Description of Historic Place
Former Canadian Pacific Railway (VIA Rail) Station at Qualicum Beach is a picturesque, one-and-a-half-storey, wood-frame railway station with station agent’s quarters above, built in 1914. It is located in a grove of fir trees at a distance from the centre of Qualicum Beach. The formal recognition is confined to the railway station building itself.
Former Canadian Pacific Railway (VIA Rail) Station at Qualicum Beach reflects the Canadian Pacific Railway’s (CPR) commitment to sustaining the substantial role of its subsidiary, the Esquimalt and Nanaimo Railway (E&N) in the settlement and development of Vancouver Island. The construction of the station and arrival of the railway in 1914 created the town of Qualicum Beach and enabled it to function as a service and distribution centre for the logging industry, and as a tourist destination.
The Qualicum Beach station is a simple, picturesque structure which resembles contemporary standard CPR plans. The rustic-vernacular aesthetic of the building is appropriate to its role as a tourist facility.
The Qualicum Beach station retains its original, rural setting in a wooded area at some distance from the town. The station also retains its relationship with the tracks and railway. The station has been municipally designated and the area around the station and along the rails has been landscaped and designated as a Heritage Core Park
Sources: Heritage Character Statement, VIA Rail Station, Qualicum Beach, British Columbia, September 1993; and Analytica Associates, Railway Station Report 151, VIA Rail (former Canadian Pacific Railway) Station, Qualicum Beach, British Columbia.
Character-defining elements of the Former Canadian Pacific Railway (VIA Rail) Station at Qualicum Beach include:
-its rustic-vernacular character and picturesque quality, evident in its roofline, exterior materials, and placement of windows, doors and chimneys
-its informal one-and-a-half storey form, with the second storey located at the west end of the structure, rather than in the middle, and a one-storey freight section extending at the east end
-features which unify the two sections and contribute to its picturesque character and domestic scale, including: the use of cedar shingle roofing throughout; the slender, regularly placed, wood, canopy brackets; and the horizontal board at the base of the walls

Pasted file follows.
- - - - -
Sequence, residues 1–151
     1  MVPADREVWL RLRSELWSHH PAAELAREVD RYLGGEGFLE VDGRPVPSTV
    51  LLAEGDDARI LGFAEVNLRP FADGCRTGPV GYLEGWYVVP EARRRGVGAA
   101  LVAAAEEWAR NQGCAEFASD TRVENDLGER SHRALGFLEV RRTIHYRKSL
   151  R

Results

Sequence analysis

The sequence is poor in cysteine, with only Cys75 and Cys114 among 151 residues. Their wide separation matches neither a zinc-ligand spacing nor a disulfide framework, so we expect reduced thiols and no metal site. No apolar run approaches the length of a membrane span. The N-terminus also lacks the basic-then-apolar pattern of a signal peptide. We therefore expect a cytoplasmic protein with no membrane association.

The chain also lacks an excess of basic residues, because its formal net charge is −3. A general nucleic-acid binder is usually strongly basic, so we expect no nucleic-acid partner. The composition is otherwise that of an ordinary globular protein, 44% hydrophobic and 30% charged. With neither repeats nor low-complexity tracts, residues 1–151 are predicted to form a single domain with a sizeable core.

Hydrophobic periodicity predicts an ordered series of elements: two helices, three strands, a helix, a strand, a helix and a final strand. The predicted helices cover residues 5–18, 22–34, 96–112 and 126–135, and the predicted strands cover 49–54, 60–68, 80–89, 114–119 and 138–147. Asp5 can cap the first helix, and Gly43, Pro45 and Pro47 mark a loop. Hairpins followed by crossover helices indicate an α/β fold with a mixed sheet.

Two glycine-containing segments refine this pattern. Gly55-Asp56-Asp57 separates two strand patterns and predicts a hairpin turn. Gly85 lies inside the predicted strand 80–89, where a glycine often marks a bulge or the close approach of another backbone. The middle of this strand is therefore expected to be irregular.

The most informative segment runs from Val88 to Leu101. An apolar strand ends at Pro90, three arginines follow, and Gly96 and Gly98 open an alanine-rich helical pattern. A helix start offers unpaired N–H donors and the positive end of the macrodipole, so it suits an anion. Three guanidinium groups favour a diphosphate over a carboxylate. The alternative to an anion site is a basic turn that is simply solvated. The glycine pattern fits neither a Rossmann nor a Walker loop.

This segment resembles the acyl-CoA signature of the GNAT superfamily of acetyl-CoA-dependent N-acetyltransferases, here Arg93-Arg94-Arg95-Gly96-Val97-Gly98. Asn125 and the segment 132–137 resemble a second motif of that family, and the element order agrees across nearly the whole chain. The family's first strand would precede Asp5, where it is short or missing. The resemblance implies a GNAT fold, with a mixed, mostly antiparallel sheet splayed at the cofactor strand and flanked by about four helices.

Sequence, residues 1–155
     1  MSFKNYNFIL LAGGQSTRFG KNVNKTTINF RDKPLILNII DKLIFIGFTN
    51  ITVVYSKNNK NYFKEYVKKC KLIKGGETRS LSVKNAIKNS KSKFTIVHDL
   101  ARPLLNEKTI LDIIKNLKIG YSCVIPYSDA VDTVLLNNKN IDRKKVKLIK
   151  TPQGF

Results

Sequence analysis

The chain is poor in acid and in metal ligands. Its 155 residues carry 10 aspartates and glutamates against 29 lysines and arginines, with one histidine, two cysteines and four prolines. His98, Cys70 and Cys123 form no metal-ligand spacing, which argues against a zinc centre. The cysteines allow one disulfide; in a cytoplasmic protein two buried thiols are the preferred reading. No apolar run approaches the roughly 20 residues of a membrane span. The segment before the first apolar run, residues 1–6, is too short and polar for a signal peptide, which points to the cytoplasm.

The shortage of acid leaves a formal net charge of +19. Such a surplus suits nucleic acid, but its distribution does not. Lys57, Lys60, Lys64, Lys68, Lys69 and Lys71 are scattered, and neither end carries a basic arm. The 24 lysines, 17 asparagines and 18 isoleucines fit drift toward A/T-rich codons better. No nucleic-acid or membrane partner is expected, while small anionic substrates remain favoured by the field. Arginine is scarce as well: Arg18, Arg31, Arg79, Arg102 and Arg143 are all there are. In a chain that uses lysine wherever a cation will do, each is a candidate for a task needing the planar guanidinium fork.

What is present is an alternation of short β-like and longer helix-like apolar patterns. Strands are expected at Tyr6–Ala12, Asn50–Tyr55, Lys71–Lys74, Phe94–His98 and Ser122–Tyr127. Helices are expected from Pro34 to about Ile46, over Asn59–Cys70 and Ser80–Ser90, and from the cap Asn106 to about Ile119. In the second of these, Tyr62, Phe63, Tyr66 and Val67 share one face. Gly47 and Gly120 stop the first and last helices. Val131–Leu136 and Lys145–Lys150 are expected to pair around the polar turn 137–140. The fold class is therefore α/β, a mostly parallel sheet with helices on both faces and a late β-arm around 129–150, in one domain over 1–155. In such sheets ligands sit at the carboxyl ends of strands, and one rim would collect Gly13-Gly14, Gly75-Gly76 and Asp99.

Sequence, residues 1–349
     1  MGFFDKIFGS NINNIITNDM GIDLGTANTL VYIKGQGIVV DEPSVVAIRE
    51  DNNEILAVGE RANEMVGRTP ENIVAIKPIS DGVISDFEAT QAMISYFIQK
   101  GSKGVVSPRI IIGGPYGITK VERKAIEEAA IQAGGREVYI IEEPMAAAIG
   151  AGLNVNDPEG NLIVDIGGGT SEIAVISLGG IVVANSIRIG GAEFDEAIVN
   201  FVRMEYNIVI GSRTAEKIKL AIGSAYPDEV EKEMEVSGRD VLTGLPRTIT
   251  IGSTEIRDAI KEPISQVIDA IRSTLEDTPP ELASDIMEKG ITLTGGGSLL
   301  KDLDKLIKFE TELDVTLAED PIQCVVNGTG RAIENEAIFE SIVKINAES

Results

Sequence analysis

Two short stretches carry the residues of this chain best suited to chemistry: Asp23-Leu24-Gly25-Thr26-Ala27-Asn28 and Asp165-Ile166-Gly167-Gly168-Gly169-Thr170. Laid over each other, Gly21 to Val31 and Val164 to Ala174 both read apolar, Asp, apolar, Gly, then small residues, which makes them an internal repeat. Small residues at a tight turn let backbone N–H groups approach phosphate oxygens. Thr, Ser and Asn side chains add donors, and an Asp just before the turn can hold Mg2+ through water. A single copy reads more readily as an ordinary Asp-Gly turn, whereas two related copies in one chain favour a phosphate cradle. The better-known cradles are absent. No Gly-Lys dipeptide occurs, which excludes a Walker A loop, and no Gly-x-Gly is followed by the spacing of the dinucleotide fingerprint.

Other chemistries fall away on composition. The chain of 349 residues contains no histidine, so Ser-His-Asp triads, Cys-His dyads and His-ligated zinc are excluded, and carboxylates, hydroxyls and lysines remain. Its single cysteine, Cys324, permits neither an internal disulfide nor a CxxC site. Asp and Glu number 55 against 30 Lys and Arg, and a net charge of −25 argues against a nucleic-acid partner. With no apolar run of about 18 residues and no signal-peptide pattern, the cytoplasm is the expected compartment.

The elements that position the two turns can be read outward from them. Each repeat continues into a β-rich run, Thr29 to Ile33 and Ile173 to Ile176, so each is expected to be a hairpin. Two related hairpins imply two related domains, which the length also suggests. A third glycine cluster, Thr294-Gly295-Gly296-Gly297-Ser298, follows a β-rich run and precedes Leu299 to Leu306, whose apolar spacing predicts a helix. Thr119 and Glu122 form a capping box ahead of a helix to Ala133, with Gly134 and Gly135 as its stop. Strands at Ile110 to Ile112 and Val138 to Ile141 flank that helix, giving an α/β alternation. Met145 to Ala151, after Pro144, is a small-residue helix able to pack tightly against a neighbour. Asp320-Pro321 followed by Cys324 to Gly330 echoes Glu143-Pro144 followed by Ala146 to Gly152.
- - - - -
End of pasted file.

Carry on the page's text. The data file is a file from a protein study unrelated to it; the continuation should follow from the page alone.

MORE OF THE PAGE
-its picturesque roofline, consisting of a bellcast, hipped roof with overhanging eaves on the one-and-a-half-storey section, twin dormers on the rear elevation, and a larger single dormer on the track side; and a lower hipped roof on the one-storey, freight section
-the pronounced variation in pitch and profile between the second-storey and freight-shed roofs
-twin brick chimneys symmetrically placed at either end of the second storey roof, which enhance its rustic-vernacular character
-its distinctive exterior finishes, which define the public, private and freight functions of the building and contribute to its rustic-vernacular character, including: clapboard siding, cedar roof shingles; and wide, corner-boards
-the balanced placement and configuration of windows and doors on all elevations, which reflect the internal functions of the station and promote its domestic appearance
-surviving original window and door units, including: wood-panel doors with multi-pane transom above; double-hung windows (nine-over-six and six-over-one); and wood-panel baggage doors
-the relatively low ceiling height of its interior rooms, which contributes to the domestic atmosphere
-its wood-frame construction
-surviving original interior materials, including: panel doors; mouldings and baseboards; wood floors; tongue-and-groove wainscoting with horizontal boards above; lath-and-plaster walls; and wood staircase
-surviving original interior materials and fixtures in the freight shed, including: wood floors; wall planking; and period light fixtures